Staff Picks – Week of 26/11/2014

Cerebus Archive Number One
Dave Sim (w/a)
Aardvark-Vanaheim

Thomas says: Despite the man or maybe even because of the man I am a huge Cerebus fan and a fan of Mr Sim’s art so I was really, really, really excited when this artist’s edition was announced (in Previews, the whole Kickstarter thing is intentionally beyond me) so even though there is a huge difference in quantity between the IDW produced Artist’s Editions and this production the quality is so good that it’s just a minor quibble over something that is absolutely gorgeous. If you’re a fan of Dave Sim’s you’ll love this as much as I do.

Bad Blood TPB
Jonathan Maberry (w), Tyler Crook (a)
Dark Horse

Liz says: It’s no easy feat to find a good modern vampire story these days. I love vampire mythology, but (apart from all things Whedon-related) the recent glut of teen-oriented novels, films and television series seem to have, ahem, sucked all the freshness out of the genre. That’s why I almost didn’t pick up on this series, and that would have been a shame. It goes to show that in the hands of a good storyteller, there’s always a new spin to put on an old tale. Jonathan Maberry, an award-winning novelist, is a damn good storyteller, and so is artist Tyler Crook.
‘Bad Blood’ is the story of Trick, a young man coming to terms with the fact that he has terminal cancer. As if that wasn’t bad enough he is attacked by a vampire who murders his best friend but leaves Trick alive, poisoned by his diseased blood. With the knowledge that his blood is so toxic to vampires, Trick seeks revenge against them. He has nothing left to lose… until he meets Lolly, a troubled, vampire-obsessed Goth girl who quickly gets in over her head in Trick’s crusade. Maberry’s characters are instantly worth caring about, and he balances out tragedy with plenty of humour in their razor-sharp dialogue. ‘Bad Blood’ is a vampire story that will engage and surprise you, challenge the tropes of the genre and leave an impression; to my mind, that’s pretty exceptional.

Madman In Your Face 3D Special
Mike Allred (w/a) plus others
Image Comics

Will says: Fraction’s new sci-fi opened with a crazy 8 page spread with some of Ward’s colourful artwork on one side and a gigantic map on the other. This was awesome, but the gimmick that won me over this week was the Madman made entirely in 3D. And I love maps in books.
The 80 page Madman special really was special for two reasons. I’ve always been a fan of Allred’s work and he is on top form in this issue. Seeing the red/cyan 3D glasses brought back a fond memory of a Christmas where I got a 3D Green Lantern comic in my stocking filler. To this date, that was the first and only comic I read in 3D (it was probably terrible), but I remember thoroughly enjoying the experience. This issue of Madman is a replication of that. You will have nothing but fun when reading through this. The 3D works surprisingly well and Allred manages to cook up some great panels to utilize the 3D very effectively. Enjoy this mind bending, fourth wall breaking, smile inducing, and page exploding adventure. Oh, and it has a 3D cube you can cut out and make yourself! Sold.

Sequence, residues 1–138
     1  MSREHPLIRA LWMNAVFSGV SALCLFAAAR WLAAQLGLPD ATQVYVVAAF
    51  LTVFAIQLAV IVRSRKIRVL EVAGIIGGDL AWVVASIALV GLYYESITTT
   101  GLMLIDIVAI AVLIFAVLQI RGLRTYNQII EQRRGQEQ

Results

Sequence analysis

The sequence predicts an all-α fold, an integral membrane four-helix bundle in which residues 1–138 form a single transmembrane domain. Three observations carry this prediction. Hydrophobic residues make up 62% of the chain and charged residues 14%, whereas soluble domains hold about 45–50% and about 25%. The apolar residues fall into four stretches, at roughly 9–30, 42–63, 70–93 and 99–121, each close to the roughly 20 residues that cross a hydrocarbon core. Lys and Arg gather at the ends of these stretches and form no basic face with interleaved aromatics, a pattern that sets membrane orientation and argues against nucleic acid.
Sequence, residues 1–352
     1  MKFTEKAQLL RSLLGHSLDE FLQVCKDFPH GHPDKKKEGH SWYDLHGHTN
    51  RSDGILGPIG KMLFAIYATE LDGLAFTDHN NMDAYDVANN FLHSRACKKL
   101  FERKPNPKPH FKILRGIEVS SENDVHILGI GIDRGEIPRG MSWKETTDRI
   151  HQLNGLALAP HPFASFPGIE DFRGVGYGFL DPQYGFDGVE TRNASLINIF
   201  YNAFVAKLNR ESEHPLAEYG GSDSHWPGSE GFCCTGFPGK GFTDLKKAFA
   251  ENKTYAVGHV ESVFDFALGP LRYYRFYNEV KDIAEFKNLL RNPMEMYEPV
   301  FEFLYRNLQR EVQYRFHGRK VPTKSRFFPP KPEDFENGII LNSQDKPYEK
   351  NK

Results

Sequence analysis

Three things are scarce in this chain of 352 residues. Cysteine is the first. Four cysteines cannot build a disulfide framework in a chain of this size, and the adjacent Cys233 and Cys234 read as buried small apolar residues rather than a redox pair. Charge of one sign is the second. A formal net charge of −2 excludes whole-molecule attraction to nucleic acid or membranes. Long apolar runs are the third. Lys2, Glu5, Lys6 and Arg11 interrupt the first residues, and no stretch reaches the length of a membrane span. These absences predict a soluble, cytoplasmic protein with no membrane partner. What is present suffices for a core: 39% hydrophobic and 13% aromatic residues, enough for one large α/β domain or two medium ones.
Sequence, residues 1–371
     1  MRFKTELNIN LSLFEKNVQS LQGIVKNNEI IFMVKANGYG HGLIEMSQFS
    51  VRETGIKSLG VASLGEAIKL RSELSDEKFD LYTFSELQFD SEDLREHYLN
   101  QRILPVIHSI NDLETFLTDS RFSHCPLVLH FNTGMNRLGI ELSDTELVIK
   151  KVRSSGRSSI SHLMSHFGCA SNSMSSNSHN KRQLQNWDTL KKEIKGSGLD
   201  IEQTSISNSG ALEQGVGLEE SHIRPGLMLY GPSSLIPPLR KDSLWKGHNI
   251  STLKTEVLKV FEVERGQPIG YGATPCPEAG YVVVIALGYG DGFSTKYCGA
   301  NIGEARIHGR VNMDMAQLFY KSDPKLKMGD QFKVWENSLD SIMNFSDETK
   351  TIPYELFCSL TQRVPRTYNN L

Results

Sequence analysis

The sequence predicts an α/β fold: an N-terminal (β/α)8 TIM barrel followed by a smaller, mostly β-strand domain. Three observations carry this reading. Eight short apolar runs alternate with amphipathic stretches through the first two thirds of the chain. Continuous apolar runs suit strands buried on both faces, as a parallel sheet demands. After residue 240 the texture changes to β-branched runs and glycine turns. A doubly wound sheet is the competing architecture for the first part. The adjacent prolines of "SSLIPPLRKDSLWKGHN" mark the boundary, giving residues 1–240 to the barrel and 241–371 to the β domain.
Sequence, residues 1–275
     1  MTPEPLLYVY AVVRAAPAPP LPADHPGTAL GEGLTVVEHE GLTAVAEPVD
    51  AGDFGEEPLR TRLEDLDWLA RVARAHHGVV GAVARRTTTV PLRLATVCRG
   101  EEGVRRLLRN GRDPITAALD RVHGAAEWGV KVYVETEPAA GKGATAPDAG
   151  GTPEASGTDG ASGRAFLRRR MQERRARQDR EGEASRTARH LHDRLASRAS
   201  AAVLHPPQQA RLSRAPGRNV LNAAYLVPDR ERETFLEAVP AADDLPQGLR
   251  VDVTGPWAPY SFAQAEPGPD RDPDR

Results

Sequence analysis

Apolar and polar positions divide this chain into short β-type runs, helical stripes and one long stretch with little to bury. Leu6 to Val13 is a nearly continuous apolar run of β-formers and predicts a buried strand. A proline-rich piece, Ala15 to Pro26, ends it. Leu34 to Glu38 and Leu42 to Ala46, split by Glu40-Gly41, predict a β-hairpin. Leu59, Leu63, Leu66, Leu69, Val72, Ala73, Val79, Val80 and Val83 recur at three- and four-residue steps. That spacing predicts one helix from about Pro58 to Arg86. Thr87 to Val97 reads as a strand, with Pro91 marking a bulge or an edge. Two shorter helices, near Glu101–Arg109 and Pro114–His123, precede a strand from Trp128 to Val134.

Rasputin #2
Alex Greciam (w) Riley Rossmo (a)
Image Comics

Julia says: I consider myself a great fan of history and series like this, based on historical events, sure call my attention. The story on this issue in my opinion was not as intense as the previous one, still it will leave you longing for more.
Regarding the art, this issue does noes let me down. The narrative seems brilliant since it basically relays on the art rather than in the text, something I really appreciate, leaving just enough word bubbles scattered though the pages to keep the story going on. Rossmo’s art captivates me and the colors by Plascencia just seem to flow perfectly with his characteristic style. The fresh inks and the cold pastel tones successfully transports us into the Tsarist period of the Russian empire.

Little Nemo: Dream Another Dream
Various
Locust Moon Comics

Camila says: Just a few days after the release of Taschen’s amazingly gorgeous edition of Little Nemo, collecting every single one of the stories McCay did, here’s another gigantic treat for Nemo fans – a newspaper-sized hardcover with contributions of over 100 cartoonists paying tribute to the strip and to McCay himself.

The book was put together and published by Locust Moon, a comic shop, gallery and publisher in Philadelphia, who are, very clearly, incredibly passionate about comics and huge Winsor McCay fans; and that shows in every little bit of this book – it is a gorgeous edition, one of those that looks good, feels good and smells good, you know? But above all, the cartoonists invited to take part and the stuff they came up with is just splendid.

I don’t know exactly how many of these they printed, but I’m pretty sure it’s a limited edition, so grab it while you can!

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